Most of these lesions are not cancerous but contain normal cells or represent fatty deposits (cholesterolosis). Cholecystectomy is sometimes recommended to exclude the possibility of gallbladder carcinoma or precancerous polyps.
Sometimes, gallbladder polyps can cause symptoms caused by gallbladder stones.
How Common Are Biliary Vesicle Polyps?
Gallbladder polyps are found in approximately 3% of people who have an ultrasound of their gallbladder.
How are biliary vesicle polyps grouped?
The most common benign polyp is an adenoma; the risk of an adenoma becoming cancerous is related to the size of the polyp.
Pseudopolyps (which are not polyps) are the most common findings that resent cholesterol deposits in the wall cholesterolosis) or adenomas (cholesterol deposits in the wall with inflammation).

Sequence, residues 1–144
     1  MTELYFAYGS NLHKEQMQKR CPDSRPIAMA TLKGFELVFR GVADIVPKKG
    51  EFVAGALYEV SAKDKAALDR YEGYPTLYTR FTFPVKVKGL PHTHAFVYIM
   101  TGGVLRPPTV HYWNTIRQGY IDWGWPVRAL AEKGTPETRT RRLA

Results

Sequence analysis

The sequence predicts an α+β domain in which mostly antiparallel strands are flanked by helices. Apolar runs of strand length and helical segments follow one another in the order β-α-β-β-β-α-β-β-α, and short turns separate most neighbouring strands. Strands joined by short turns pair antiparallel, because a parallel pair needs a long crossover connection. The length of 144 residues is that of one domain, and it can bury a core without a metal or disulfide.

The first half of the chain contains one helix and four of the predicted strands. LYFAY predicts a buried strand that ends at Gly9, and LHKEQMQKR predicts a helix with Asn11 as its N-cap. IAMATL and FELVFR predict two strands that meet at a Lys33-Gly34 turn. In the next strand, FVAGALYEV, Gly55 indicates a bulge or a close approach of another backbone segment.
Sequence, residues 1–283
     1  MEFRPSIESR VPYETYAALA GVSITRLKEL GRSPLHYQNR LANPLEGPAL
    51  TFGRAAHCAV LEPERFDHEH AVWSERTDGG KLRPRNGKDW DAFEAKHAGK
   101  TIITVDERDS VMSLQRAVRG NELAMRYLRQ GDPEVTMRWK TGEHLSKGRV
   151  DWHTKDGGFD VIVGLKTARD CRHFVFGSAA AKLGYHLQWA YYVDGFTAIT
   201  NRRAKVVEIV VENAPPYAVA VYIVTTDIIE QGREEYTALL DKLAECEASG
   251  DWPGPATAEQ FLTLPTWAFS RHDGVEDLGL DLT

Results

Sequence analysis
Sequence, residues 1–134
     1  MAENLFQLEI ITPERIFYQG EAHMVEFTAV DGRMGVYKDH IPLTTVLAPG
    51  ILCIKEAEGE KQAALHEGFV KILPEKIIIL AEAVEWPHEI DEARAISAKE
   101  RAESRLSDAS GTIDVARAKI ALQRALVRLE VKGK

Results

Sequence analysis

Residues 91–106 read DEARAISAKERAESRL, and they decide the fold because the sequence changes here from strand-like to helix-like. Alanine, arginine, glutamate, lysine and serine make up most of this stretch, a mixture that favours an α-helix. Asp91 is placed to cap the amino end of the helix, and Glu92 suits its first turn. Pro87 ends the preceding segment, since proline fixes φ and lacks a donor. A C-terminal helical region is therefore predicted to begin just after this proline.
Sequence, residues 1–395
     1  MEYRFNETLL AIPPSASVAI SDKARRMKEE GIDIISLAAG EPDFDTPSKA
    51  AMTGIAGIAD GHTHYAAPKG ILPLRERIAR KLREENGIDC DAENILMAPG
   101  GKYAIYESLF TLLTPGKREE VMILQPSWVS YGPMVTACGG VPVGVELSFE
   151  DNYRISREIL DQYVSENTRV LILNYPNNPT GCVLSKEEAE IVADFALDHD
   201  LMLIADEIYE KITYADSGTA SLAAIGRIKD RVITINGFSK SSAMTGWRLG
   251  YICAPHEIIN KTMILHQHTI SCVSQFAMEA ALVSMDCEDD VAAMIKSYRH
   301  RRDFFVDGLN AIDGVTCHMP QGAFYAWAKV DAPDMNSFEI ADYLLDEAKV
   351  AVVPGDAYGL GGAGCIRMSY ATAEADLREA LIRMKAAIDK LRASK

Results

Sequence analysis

The most common cancerous lesion in the gallbladder is adenocarcinoma. Adenocarcinomas of the gallbladder are much more common than gallbladder adenomas.
What are the Symptoms of Biliary Vesicle Polyps?
Gallbladder polyps usually do not produce any symptoms, but the presence of symptoms similar to the gallbladder, without another explanation, is a reason to remove the gallbladder.
What is the Risk of Cancer in a Biliary Vesicle Polyp?
The risk of cancer increases with the size of the polyp. If a polyp measures more than 1 cm, it is generally recommended to remove it to exclude the cancerous change.
Ultrasound: Modern ultrasound produces excellent gallbladder images and can measure the blood flow in a polyp.
Computed tomography scan: performed for large polyps and if gallbladder cancer is suspected.
What is the Treatment for Biliary Vesicle Polyps?